Russian Naval Vessel Attacked And Sunk By Aggressive Walrus During Arctic Expedition

Published September 25, 2019

Incredibly, none of the passengers on the inflatable vessel were injured — and neither was the walrus.

Russian Naval Boat Altai

Russian Navy Northern Fleet The crew aboard the Russian naval boat, Altai, rescued passengers without incident from the walrus attack.

Walruses are sluggish-looking creatures, what with their hefty bodies and perpetually somber expressions. But don’t be fooled; these ton-sized animals are fierce enough to sink a naval boat.

Such was the lesson that a group of Russian researchers and journalists learned last week when a mother walrus sank their boat while cruising the Arctic Ocean.

According to VICE, the attack occurred during a scientific expedition to the Arctic Circle in which researchers attempted to retrace the route taken by 19th century explorers.

The route goes through Franz Josef Land, a Russian archipelago located above the Arctic Circle that is only occupied by Russian military personnel. On the trip, the group made numerous stops so that participants could study the surrounding glaciers, flora, and animals.

The expedition was mainly conducted on the Russian Naval boat Altai and passengers were brought to shore using a smaller inflatable tug boat at each stop.

But when passengers took the small boat to land at Cape Geller on the island of Wilczek Land, they received a wild welcome when a large female walrus attacked the inflatable boat so ferociously that it actually sank. Luckily, Russia’s Northern Fleet servicemen were quick to evacuate passengers safely to shore.

Walrus Attack

Russian Navy Northern Fleet Observers believe that mother attacked defensively to protect her baby.

The walrus also left the scene unharmed. Although nobody can say for sure, observers do believe that the attacking walrus was likely just trying to protect her calf.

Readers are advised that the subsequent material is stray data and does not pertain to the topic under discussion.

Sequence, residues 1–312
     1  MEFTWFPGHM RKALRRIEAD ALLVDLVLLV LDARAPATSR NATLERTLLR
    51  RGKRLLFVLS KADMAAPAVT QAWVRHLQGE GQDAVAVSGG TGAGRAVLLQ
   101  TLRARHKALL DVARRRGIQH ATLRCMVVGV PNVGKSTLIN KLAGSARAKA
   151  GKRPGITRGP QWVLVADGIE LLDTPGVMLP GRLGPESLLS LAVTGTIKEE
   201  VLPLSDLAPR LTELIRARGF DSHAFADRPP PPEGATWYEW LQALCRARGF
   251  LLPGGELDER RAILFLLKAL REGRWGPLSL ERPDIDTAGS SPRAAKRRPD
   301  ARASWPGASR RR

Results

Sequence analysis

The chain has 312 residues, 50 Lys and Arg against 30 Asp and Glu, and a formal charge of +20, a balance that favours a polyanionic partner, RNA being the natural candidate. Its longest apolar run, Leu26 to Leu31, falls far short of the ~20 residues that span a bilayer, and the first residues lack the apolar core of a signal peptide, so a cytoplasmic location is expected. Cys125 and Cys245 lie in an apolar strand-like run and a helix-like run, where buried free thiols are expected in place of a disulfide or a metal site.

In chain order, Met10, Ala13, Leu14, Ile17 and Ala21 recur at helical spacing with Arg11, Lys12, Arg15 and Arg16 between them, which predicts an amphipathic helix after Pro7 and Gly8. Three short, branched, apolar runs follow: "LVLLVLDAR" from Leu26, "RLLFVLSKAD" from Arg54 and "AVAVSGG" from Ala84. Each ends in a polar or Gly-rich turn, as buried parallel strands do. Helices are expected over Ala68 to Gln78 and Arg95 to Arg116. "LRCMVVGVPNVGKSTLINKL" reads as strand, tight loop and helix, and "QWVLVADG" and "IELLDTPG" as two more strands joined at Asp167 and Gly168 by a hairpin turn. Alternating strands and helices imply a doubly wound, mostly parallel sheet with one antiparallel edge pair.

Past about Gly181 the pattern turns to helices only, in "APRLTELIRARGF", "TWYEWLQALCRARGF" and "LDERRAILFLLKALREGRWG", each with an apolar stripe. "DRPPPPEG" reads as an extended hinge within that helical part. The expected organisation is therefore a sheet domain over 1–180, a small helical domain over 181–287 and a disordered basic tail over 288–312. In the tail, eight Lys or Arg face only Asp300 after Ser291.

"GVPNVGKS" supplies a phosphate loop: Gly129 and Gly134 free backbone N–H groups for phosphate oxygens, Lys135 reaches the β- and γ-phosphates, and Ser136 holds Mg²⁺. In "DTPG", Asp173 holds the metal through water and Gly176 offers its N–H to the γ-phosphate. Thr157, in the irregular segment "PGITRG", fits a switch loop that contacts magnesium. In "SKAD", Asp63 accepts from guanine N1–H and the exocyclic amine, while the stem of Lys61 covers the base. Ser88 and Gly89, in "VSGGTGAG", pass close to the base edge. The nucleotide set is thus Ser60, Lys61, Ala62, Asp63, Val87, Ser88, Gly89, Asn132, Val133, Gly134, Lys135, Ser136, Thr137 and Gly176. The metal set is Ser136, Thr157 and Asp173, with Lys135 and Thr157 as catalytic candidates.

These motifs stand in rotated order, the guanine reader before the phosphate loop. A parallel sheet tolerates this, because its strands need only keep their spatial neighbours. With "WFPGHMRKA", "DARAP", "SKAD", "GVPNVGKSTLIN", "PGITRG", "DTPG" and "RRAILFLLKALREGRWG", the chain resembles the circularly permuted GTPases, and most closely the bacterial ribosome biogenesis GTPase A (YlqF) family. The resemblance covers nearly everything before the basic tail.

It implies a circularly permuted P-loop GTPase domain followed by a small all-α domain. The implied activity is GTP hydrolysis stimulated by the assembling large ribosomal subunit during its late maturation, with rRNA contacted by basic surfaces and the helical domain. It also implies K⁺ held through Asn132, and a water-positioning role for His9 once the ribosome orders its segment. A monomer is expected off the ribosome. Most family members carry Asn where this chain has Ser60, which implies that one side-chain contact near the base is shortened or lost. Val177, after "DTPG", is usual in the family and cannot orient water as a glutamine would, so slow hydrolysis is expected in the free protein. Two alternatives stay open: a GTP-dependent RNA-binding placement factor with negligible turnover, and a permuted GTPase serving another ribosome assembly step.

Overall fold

In fact, walruses have long been known to charge sea vessels when they feel threatened. This behavior is particularly common among mother walruses with babies nearby.

“We have to be careful during research not to get surrounded by ice and walruses without an escape route,” Lori Quakenbush, a biologist from the Alaska Department of Fish and Game’s Arctic Marine Mammal Program — who was not on the Russian boat — told Gizmodo.

“Calves are curious and will approach a boat, which makes the mother aggressive to defend the calf.” Quakenbush added that young male walruses can also be aggressive towards small boats.

All that said, walrus can also behave like docile sea bears. For instance, one walrus was recently caught snoozing peacefully on the top of a parked Russian submarine.

Meanwhile, according to a statement released by the Northern Fleet, the Altai expedition has resumed.

Walrus Sleepin On Submarine

ABC 10 NewsWalrus caught sleeping on hatch of parked Russian submarine.

Walruses are related to seals and sea lions and are distinguishable by their long, ivory tusks. They use these tusks for a multitude of things, such as opening air holes in the ice, competing against other walruses, and even hoisting themselves out of the water.

Like most sea animals, the walrus population has been deeply affected by climate change. The habitats of these animals are endangered as the Arctic ice continues to melt at an alarming rate.

Recent wildlife reports have shown that because of their shrinking habitat, thousands of walruses are being forced to gather on the shorelines instead of the sea ice, likely causing more unexpected encounters with humans such as this.

Next, learn the courageous story of Ada Blackjack, who survived the Arctic alone after her all-male crew died. Then, meet Mickey Finn, the Chicago bartender who infamously drugged and robbed his customers with laced drinks.

Natasha Ishak
A former staff writer for All That's Interesting, Natasha Ishak holds a Master's in journalism from Emerson College and her work has appeared in VICE, Insider, Vox, and Harvard's Nieman Lab.
Leah Silverman
A former associate editor for All That's Interesting, Leah Silverman holds a Master's in Fine Arts from Columbia University's Creative Writing Program and her work has appeared in Catapult, Town & Country, Women's Health, and Publishers Weekly.
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Ishak, Natasha. "Russian Naval Vessel Attacked And Sunk By Aggressive Walrus During Arctic Expedition.", September 25, 2019, Accessed May 25, 2024.